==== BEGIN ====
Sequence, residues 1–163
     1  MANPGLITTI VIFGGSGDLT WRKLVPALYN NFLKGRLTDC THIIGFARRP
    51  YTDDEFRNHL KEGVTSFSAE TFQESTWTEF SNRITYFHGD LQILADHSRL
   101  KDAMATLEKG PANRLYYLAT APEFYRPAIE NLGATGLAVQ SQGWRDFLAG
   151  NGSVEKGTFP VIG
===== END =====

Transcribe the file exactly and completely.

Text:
Sequence, residues 1–163
     1  MANPGLITTI VIFGGSGDLT WRKLVPALYN NFLKGRLTDC THIIGFARRP
    51  YTDDEFRNHL KEGVTSFSAE TFQESTWTEF SNRITYFHGD LQILADHSRL
   101  KDAMATLEKG PANRLYYLAT APEFYRPAIE NLGATGLAVQ SQGWRDFLAG
   151  NGSVEKGTFP VIG